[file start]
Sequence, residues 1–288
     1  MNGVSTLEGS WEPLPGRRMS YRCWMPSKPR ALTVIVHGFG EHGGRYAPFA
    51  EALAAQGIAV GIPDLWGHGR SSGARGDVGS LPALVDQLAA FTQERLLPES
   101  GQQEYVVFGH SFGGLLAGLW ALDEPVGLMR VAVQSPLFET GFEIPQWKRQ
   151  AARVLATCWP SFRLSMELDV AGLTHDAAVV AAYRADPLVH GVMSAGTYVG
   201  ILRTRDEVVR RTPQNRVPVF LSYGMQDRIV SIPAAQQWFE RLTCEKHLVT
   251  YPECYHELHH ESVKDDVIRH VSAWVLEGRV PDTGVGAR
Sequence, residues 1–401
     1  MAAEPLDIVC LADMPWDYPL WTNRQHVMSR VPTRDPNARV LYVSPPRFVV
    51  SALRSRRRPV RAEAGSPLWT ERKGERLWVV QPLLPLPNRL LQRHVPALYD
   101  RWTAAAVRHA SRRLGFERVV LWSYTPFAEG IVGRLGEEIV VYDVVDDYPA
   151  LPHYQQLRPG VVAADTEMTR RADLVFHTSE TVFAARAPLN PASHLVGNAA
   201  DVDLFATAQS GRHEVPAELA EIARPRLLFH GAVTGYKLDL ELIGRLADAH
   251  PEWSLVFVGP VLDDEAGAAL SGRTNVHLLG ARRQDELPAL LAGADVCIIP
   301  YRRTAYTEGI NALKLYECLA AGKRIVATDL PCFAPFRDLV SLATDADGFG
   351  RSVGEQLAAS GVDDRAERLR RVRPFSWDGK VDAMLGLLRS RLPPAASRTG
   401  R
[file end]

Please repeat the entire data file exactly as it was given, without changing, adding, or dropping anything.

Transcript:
Sequence, residues 1–288
     1  MNGVSTLEGS WEPLPGRRMS YRCWMPSKPR ALTVIVHGFG EHGGRYAPFA
    51  EALAAQGIAV GIPDLWGHGR SSGARGDVGS LPALVDQLAA FTQERLLPES
   101  GQQEYVVFGH SFGGLLAGLW ALDEPVGLMR VAVQSPLFET GFEIPQWKRQ
   151  AARVLATCWP SFRLSMELDV AGLTHDAAVV AAYRADPLVH GVMSAGTYVG
   201  ILRTRDEVVR RTPQNRVPVF LSYGMQDRIV SIPAAQQWFE RLTCEKHLVT
   251  YPECYHELHH ESVKDDVIRH VSAWVLEGRV PDTGVGAR
Sequence, residues 1–401
     1  MAAEPLDIVC LADMPWDYPL WTNRQHVMSR VPTRDPNARV LYVSPPRFVV
    51  SALRSRRRPV RAEAGSPLWT ERKGERLWVV QPLLPLPNRL LQRHVPALYD
   101  RWTAAAVRHA SRRLGFERVV LWSYTPFAEG IVGRLGEEIV VYDVVDDYPA
   151  LPHYQQLRPG VVAADTEMTR RADLVFHTSE TVFAARAPLN PASHLVGNAA
   201  DVDLFATAQS GRHEVPAELA EIARPRLLFH GAVTGYKLDL ELIGRLADAH
   251  PEWSLVFVGP VLDDEAGAAL SGRTNVHLLG ARRQDELPAL LAGADVCIIP
   301  YRRTAYTEGI NALKLYECLA AGKRIVATDL PCFAPFRDLV SLATDADGFG
   351  RSVGEQLAAS GVDDRAERLR RVRPFSWDGK VDAMLGLLRS RLPPAASRTG
   401  R